It was a humid summer night east of New York City in Elmont, Long Island, and inside the packed UBS Arena on Thursday, it was just as sweltering. Thousands of fans gathered, largely a young Latin crowd clad in black, many visibly thrilled to see arguably the hottest música Mexicana sensation, 24-year-old Peso Pluma.
The Guadalajara performer is midway through the North American leg of his Doble P Tour, presented by Live Nation, which spans about 40 dates. Donning a huge black puffer jacket and durag, Peso Pluma began the show at 9 p.m. Thursday night. He appeared more like a drill artist instead of a traditional corridos singer, wearing a baggy T-shirt and pants onstage. But that’s the appeal: He resonates with an urbano crowd that leans toward a street-style aesthetic and a bélico lifestyle.
Riding high off his Billboard chart-topping streak — including being the artist with the most nods (21) ahead of this year’s Billboard Latin Music Awards — Peso Pluma showcased his hitmaking and genre-spanning prowess for nearly two hours.
Here are five takeaways from Thursday night’s show.
His Hitmaking Prowess
Seeing the amount of hits he’s crafted in such a short amount of time was an instant highlight, and how quickly his songs have become part of the cultural milieu for Latin music fans and beyond. His band, composed of three brass players, a tololoche (a sort of stand-up bass), a requinto (12-string guitar) and guitars, followed his every move, right on beat and delivering with gusto. “Ella Baila Sola,” “Bye,” “La Bebe” and more really amped up the entire scene.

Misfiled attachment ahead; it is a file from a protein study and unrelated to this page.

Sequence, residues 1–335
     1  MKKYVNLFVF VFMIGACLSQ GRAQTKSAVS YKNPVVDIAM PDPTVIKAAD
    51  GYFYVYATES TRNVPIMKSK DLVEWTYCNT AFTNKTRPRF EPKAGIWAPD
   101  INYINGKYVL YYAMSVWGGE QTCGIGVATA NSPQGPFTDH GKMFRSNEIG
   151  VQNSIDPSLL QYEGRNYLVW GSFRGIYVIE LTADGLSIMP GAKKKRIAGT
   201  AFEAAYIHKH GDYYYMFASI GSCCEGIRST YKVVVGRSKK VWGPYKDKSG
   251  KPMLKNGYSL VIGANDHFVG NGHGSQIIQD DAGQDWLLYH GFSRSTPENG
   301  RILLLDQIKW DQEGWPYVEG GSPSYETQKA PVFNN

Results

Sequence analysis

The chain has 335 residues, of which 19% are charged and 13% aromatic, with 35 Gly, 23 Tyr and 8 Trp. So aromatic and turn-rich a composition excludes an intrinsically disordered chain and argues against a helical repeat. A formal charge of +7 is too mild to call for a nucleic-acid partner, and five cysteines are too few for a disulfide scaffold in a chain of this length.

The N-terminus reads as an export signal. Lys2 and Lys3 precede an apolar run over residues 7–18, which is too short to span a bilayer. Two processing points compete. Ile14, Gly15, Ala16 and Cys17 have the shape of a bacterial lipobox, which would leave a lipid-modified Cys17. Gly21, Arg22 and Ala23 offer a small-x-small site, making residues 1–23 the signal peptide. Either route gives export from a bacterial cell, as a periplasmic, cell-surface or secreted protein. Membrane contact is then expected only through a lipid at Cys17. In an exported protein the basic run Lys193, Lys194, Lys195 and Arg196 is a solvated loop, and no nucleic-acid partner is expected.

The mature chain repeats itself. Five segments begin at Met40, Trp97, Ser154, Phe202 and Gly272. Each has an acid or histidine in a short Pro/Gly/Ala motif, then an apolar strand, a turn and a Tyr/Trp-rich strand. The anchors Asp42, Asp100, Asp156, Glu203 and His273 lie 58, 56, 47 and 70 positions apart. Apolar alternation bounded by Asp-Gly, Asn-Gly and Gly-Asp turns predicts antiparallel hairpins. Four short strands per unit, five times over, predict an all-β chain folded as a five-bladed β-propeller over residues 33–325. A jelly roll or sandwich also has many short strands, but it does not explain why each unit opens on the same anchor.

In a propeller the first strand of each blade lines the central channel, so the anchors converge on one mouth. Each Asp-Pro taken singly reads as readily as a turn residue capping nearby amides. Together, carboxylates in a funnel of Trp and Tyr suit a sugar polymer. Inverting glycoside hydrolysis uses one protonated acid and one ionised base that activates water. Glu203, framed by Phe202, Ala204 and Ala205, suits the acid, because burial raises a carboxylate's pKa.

‘Igualito A Mi Apá’ Missing
Not here to stir the pot, but we really missed seeing “Igualito A Mi Apá,” his collaboration with Mexican-American band Fuerza Regida, performed live. There have been rumors circulating the Web about their alleged feud, perhaps over competition about who is the hottest regional Mexican music act right now. Who really knows the reason behind the omission, but this song was truly missed from the already spectacular show.
An Eclectic Performer With an Eclectic Sound
Colombian performer Ryan Castro arrived to the stage to deliver “Quema,” their pop-reggaeton single. Then moments later, Dominican dembow purveyor El Alfa joined Peso Pluma to sing their duet “La Plebada.” Earlier in the night, the star of the show also brought out corridos singer Jasiel Nuñez, also from Guadalajara. He sang his own songs as well as their collaboration “Rosa Pastel” from Peso Pluma’s third album Génesis. Peso definitely showcased his genre-spanning prowess across música urbana and regional mexicano styles so seamlessly. In the intro video before the show, we met his band more personally via the video screens, and “Psycho Killer” by the Talking Heads was the music playing in the background.
Aesthetic Locked Down
Hues of peachy pink colors filled the visuals behind Peso Pluma, some of them of his silhouette. Then spidery imagery took over, interweaving with webs and shots of the band and audience. The light and black colors provided an appealing contrast to him, almost contradictory but it makes sense. Grim yet pleasing and digestible.
Now, this is my personal observation, but the energy kind of felt like I was witnessing a star on the brink of turning supernova — also largely based on the crowd’s reaction and his incredible showmanship. I remembered the time I saw Bad Bunny perform at the Palladium in New Jersey, on his first U.S. national tour, La Nueva Religión, in 2018 — that time I heard roars becoming so loud they were deafening, for an act that is relatively new to the scene.
On Thursday, the roughly 17,000 concert-goers in attendance were completely engrossed in Peso Pluma’s every move: his silly dancing turning almost iconic, his unique vocal register as he belted out verses to fans turning euphoric. He clearly gave his all to amp up the crowd but also to connect with them. It was a moment I realized I might be watching history in the making.